You’ve finished an arrangement, and you’re generally happy with it. It has a variety of sections, you’ve created Fuzzy Boundaries between them, they all seem to last for the right amount of time, and there are contrasts and appropriate levels of tension and release. But somehow, it still sounds like “loop music”—repetitive. You can’t consider it finished in this state, because it feels too predictable; it won’t offer any surprises beyond the first listen.
Modern DAWs suggest a workflow that combines loops into larger arrangements, and many genres of electronic music are defined by repeating patterns. But perfectly repeated loops can become tedious after a while. Here is one technique for creating a sense of surprise within an otherwise loop-based context.
At various points in your arrangement, insert unique events—sounds, gestures, or variations that occur only once and are never repeated. There are a few different types of unique events you can try
- Single events. These are short samples or sounds that can be strategically placed throughout your arrangement to add a layer of unpredictability. These can be almost anything—pitched or unpitched percussion sounds, single notes or chords played on an instrument that is otherwise never heard, etc. A good source of single events is the sample library you already have. Try finding unusual samples that would otherwise be out of context for your song. Depending on where you place these events, the effect on the listener can be quite varied. For example, placing single events at or near formal boundaries can make them feel like part of a transition, while placing them at formally insignificant moments can be quite jarring and interruptive, especially if they’re also placed in odd rhythmic locations that play “against” the grid of the song.
- Single musical gestures. These are short phrases or one-time alterations to otherwise consistently repeating patterns. It’s common to vary a musical phrase near a formal transition, but it can be especially interesting if you also create one-time variations within the middle of a phrase. Some DAWs offer various types of note- transformation tools, which can apply processes to a selection of MIDI notes to change some or all of them in a way that maintains a relationship to the original. These tools can provide an interesting way to create one-off musical gestures.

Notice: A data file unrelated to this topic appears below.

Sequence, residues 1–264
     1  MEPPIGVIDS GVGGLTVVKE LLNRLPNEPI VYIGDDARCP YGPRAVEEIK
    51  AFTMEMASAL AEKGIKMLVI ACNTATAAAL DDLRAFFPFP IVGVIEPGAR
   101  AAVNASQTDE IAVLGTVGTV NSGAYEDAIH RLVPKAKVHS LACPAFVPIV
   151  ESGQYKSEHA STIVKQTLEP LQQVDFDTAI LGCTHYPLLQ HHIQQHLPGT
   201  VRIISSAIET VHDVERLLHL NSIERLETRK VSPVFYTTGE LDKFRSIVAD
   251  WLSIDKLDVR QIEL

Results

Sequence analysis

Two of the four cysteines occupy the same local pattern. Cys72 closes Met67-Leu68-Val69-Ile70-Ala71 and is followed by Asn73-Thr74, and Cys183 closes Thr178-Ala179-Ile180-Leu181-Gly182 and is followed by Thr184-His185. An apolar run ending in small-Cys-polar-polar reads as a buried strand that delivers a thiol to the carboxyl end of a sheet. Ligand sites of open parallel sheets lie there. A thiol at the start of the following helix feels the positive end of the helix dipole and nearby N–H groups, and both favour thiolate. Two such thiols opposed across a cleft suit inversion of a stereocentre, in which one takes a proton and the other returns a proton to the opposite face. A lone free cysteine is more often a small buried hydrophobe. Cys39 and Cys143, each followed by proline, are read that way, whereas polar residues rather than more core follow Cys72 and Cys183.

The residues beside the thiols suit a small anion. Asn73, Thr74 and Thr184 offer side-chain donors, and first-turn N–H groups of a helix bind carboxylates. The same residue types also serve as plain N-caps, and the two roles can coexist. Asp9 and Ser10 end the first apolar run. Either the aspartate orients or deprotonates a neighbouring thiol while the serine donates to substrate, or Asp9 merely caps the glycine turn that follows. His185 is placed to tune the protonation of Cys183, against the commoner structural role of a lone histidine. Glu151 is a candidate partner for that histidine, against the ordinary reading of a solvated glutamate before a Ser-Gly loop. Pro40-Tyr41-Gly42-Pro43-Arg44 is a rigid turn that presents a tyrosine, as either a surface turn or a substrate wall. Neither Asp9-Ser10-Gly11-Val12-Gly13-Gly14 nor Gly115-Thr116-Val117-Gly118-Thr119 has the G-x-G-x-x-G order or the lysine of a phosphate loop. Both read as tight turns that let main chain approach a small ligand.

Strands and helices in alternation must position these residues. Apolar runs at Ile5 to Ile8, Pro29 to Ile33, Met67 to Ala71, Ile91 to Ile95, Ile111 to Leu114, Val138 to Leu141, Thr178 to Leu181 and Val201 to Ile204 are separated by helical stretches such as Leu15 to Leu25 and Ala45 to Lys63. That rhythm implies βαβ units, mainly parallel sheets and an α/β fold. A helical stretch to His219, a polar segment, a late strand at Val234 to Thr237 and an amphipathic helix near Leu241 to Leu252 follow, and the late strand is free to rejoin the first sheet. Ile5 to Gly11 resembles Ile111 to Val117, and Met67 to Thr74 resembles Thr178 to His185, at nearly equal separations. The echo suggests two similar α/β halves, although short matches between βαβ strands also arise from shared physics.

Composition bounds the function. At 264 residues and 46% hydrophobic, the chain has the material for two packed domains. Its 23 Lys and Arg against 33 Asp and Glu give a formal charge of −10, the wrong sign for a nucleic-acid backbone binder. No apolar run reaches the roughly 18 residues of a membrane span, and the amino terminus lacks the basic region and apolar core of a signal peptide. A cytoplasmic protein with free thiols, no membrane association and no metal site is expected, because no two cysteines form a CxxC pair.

- Single processing gestures. Consider applying dramatic, one-time changes to the effects processing on one or more tracks. For example, set up a chain of effects but leave them bypassed or off. Then use automation to make them active only once before disabling them again. Single processing gestures can be especially disruptive if they’re quite short or if they occur in unusual places in a phrase.
Depending on the genre you’re working in, you can be quite creative with these unique events. Unless you’re working in a very commercial context, you don’t generally need to worry that “weird” (i.e., out of key, out of rhythm, etc.) unique events will ruin the texture of the music. But note that you should probably use them sparingly within a single song. Even though each individual event occurs only once, using too many unique events in a song can create its own sense of predictability. Listeners will begin to expect that something jarring or unusual will occur, which reduces the effectiveness of the technique.